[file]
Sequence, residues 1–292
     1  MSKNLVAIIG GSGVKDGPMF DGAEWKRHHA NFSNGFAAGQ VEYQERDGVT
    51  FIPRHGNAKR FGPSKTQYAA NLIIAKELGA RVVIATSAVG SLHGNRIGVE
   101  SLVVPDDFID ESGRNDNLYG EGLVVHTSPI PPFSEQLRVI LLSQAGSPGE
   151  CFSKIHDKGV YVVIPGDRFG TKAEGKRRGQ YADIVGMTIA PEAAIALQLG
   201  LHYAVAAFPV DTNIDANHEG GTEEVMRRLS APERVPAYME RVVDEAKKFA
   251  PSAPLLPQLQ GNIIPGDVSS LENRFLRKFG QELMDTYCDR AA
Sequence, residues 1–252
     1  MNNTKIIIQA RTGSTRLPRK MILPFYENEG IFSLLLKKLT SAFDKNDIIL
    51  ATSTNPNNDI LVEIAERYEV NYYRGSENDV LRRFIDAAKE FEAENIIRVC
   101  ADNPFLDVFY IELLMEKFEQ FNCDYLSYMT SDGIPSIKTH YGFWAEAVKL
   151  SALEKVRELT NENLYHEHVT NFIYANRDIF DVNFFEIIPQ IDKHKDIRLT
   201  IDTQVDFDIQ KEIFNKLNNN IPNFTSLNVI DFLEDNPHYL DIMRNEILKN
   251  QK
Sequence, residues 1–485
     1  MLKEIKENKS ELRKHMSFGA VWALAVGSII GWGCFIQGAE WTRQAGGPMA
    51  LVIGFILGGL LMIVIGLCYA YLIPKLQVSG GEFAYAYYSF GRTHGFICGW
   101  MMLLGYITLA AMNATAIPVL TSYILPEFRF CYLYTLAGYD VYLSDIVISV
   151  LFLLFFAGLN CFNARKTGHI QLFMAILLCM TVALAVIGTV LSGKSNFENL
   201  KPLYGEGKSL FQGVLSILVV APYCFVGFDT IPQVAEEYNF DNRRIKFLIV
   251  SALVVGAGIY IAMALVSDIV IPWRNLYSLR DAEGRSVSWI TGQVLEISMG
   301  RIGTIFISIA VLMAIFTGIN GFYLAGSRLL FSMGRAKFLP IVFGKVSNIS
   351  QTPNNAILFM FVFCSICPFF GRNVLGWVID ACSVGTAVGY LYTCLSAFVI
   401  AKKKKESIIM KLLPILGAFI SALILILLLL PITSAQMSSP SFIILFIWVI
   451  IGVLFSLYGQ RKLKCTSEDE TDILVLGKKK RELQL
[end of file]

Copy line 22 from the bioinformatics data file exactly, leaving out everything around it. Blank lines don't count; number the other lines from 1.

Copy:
   301  RIGTIFISIA VLMAIFTGIN GFYLAGSRLL FSMGRAKFLP IVFGKVSNIS